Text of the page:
|Published Online: April 5, 2016||$US5.00|
Even with a cursory scan of the extensive scholarship surrounding cinematic movement, one can safely contend that key filmic techniques perform an important role in the creation of particular tones, moods, and atmospheres designed to evoke an emotive reaction from the spectator. However, this representational quality is not conditional on the spectator’s fluency of understanding; the distortion of cinematic form has a powerful generative potential. Kinetic distortion may be expressed through a break in movement, unusual editing, or an incongruous link between form and content. Amiel Courtin-Wilson’s 2011 film, “Hail” unsettles the balance of form by coupling “beautiful” fluid camera movements with sharply arresting images and “ugly” content. It is this displacement of form, rather than the formal techniques themselves, that creates a space through which the complexities of mental illness, the emotional toll of violence, and the crisis of masculinity can be expressed and explored. This paper is navigated by the work of Susan Leigh Foster, Vivian Sobchack, Laura U. Marks, and Jennifer Barker and considers how distortions to cinematic movement accentuate the contours of cinematic form, reimagine the relationship between spectator and screen, and position disruption as a powerful generative force.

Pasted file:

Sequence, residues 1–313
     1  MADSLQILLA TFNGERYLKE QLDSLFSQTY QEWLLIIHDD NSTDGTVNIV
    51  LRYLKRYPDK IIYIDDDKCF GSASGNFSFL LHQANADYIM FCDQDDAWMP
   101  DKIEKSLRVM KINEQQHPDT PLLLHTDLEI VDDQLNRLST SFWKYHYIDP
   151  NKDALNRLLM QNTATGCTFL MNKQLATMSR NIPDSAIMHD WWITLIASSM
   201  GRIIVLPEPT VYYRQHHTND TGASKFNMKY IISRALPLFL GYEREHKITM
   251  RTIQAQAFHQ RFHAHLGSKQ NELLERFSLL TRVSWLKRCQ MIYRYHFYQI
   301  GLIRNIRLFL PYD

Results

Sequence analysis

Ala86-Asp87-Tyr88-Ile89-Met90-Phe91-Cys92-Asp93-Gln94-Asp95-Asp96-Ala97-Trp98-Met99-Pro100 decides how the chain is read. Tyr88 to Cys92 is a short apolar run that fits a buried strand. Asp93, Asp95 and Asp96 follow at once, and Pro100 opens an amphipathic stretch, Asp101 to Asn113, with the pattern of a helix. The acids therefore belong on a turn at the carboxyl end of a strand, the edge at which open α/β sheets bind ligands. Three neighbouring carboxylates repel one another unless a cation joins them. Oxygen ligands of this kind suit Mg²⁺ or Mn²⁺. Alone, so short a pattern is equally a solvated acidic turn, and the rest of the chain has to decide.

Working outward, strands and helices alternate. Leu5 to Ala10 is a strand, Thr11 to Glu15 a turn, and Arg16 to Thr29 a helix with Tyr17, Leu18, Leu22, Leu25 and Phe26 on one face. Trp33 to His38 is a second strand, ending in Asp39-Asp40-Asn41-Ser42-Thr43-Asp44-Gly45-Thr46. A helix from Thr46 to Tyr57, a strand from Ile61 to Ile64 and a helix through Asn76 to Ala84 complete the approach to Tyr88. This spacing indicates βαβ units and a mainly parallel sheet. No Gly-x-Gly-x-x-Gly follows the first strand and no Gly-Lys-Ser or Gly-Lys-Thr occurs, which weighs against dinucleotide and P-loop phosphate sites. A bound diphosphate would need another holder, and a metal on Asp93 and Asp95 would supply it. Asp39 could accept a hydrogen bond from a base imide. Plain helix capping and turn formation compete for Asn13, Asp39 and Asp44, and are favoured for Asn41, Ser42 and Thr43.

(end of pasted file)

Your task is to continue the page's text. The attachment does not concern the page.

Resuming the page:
|Keywords:||Technique, Perception, Film|
Ph.D. Candidate, Graduate School of Culture and Communication, University of Melbourne, Melbourne, Victoria, Australia